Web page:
“Ten years ago we weren’t facing a heroin epidemic like we’ve never seen before, or the gun violence and animosity toward law enforcement across the country,” Neil says. “Everyone wants the services, but when the bill comes, no one reaches for their wallets. We’re working with (county) commissioners to make the safety of the public and the safety of my deputies serving our communities more of a priority.”
The decline in major crime investigations contributed to a downturn in another branch of government. In 2015, the number of new criminal cases filed in Hamilton County Common Pleas Court fell to its lowest level since 1998. Most cases come from the Cincinnati Police Department, whose felony case count fell 36 percent from 2007 to 2015, says CPD spokeswoman Tiffaney Hardy.
The downsized Sheriff’s Department did lead to a massive dropoff in county jail lockups, from 50,727 in 2006 to a historic low of 30,985 in 2015. The county closed its 822-bed jail in Queensgate in 2008, and taxpayers have rejected sales tax hikes for a new one. Consequently, Sheriff’s Department spokesman Mike Robison says, the department places fewer non-violent offenders in jail when it has the discretion.
Things are also quieter in the county’s civil courtrooms. In 2009, 15,621 new lawsuits were filed with the court. Six years later, the number was down to 9,182.
Catherine Glover, executive director of the Cincinnati Bar Association, chalks it up to the steady drop in home foreclosures, tort reform and the settlement of disputes before they reach the courthouse. Many of those settlements are achieved through so-called “alternative dispute resolution (ADR),” including, like it or not, arbitration.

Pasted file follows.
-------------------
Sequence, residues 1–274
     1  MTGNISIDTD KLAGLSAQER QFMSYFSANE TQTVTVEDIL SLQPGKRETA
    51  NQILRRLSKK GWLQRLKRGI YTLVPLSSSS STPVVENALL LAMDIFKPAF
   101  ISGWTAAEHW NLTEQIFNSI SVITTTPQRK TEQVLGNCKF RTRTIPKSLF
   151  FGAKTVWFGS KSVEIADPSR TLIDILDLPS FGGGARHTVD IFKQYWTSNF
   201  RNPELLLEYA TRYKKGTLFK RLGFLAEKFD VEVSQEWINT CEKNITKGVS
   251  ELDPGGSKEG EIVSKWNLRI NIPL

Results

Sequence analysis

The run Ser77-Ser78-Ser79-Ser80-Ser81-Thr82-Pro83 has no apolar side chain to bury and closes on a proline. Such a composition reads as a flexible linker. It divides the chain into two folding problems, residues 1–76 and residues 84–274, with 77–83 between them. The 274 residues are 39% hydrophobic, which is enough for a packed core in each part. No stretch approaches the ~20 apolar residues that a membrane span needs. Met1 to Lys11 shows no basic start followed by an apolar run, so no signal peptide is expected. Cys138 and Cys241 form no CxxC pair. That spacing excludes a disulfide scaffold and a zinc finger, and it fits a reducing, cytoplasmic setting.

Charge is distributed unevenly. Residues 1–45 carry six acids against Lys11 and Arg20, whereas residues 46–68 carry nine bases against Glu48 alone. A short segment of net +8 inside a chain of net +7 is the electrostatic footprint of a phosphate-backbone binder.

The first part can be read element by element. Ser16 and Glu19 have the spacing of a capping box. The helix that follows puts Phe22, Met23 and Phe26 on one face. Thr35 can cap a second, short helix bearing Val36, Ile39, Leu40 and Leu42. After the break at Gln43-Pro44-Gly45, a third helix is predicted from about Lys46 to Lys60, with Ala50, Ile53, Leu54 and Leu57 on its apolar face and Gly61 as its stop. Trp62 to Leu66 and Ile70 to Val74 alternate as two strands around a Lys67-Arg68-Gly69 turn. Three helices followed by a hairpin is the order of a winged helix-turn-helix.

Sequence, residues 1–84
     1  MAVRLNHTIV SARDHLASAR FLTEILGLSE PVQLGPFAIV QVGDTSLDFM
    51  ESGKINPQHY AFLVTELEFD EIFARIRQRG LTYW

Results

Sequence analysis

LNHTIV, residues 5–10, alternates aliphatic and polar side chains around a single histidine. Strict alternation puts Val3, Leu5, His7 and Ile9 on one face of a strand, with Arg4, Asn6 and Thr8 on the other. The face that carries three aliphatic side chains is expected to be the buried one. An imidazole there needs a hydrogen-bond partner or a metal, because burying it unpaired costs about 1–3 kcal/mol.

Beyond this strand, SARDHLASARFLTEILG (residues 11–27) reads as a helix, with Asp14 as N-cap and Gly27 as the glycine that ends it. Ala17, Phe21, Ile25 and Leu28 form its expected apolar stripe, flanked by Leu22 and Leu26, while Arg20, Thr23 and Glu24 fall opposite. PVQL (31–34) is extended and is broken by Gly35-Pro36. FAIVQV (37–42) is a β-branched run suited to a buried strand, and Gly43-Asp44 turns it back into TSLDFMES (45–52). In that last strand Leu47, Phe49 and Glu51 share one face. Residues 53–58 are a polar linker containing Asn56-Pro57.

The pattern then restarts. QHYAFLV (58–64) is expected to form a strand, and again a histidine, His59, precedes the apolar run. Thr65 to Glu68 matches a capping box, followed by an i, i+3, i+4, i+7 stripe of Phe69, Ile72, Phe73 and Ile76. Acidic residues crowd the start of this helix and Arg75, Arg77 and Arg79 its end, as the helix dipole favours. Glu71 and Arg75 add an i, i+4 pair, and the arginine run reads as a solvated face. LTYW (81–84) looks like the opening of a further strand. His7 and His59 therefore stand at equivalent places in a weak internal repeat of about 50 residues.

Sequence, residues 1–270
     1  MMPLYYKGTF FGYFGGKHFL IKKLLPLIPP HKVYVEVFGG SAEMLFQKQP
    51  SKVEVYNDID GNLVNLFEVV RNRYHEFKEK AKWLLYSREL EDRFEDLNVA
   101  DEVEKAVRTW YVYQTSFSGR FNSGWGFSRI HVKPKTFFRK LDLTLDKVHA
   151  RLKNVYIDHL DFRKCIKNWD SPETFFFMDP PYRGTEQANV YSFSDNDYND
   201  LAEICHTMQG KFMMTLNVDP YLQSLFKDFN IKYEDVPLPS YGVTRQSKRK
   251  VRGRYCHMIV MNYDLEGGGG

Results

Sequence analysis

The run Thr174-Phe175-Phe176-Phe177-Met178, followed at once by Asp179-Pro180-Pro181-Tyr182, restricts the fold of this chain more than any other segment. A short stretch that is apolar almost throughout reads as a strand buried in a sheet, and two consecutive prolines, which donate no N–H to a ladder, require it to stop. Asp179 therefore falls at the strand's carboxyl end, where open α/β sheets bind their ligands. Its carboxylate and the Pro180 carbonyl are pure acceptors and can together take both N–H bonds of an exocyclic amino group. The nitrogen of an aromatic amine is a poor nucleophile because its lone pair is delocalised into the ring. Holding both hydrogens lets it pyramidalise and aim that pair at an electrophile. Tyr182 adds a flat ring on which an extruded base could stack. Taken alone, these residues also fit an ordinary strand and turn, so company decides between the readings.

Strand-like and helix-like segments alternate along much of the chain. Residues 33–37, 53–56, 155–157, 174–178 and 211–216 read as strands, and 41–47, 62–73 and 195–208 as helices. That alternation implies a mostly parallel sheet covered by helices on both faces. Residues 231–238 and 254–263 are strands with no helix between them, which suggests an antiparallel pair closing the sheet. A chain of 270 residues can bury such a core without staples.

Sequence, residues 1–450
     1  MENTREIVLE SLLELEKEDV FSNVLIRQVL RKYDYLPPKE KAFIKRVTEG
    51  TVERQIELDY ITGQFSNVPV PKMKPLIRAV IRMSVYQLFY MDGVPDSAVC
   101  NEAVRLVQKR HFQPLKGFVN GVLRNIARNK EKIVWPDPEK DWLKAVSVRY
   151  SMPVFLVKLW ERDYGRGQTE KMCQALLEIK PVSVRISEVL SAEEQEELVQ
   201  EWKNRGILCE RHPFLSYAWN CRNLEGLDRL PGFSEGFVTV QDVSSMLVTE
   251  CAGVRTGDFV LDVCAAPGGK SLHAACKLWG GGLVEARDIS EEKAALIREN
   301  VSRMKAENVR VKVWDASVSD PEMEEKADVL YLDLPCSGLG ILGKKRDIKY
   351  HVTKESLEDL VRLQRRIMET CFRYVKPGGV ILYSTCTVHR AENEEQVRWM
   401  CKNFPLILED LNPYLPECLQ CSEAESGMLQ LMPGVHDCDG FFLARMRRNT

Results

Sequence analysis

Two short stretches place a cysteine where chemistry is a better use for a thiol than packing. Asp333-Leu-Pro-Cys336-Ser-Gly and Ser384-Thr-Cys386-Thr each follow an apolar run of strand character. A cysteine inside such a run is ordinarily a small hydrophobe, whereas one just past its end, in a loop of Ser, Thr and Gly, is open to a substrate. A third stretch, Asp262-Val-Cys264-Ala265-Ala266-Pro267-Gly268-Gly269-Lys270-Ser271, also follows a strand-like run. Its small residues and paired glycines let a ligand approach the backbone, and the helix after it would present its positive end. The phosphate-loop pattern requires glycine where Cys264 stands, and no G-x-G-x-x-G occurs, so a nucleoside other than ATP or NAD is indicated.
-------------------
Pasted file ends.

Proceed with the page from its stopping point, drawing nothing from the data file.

Ryan McLane, a lawyer at Dressman Benzinger LaVelle and chairman of the bar association’s ADR practice group, says its use has grown in Greater Cincinnati in the past decade.
“People have the tools and the incentive to settle their cases earlier without the expense and risk of trial,” McLane says.
Business is down almost across the board in the county courthouse. New Juvenile Court filings dropped 66 percent over 10 years, perhaps suggesting a generation of better-behaved kids. And the number of Domestic Relations Court filings is less than half the intake of the early 2000s. Court Administrator Lisa Gorrasi says it reflects population decline, fewer domestic violence petitions and fewer divorces.
Fewer divorces occur in part because there are fewer marriages, which means less clerical work in another arm of the county’s judiciary, Probate Court. Court Administrator Vince Wallace says 5,302 couples married in 2003, while 4,936 did so in 2016.
Not only did fewer Hamilton Countians marry, they registered fewer dogs with the auditor’s office. In 2015, 50,638 dog and kennel licenses were issued. In previous years, most recently 2011, the number topped 60,000.
What went up in the past decade? Sales tax receipts hit a record $114.9 million in 2015, up 78 percent since 2006. And the county issued 11,125 building permits in 2015, a new record, more than double the 4,847 in 2006.
Two more indicators at lofty levels point to disparities in the economic recovery. The county reported a monthly average of 225,000 Medicaid recipients in 2015, a record number that has grown yearly since the federal-state expansion of that program. Meanwhile, the monthly average number of food stamp recipients in 2015 remained high at 125,808.
“The reason why we have so many food stamp recipients,” Gregg says, “is because people are either out of work or they lost a job and took one that paid less than they were making and became eligible because their income was lower.”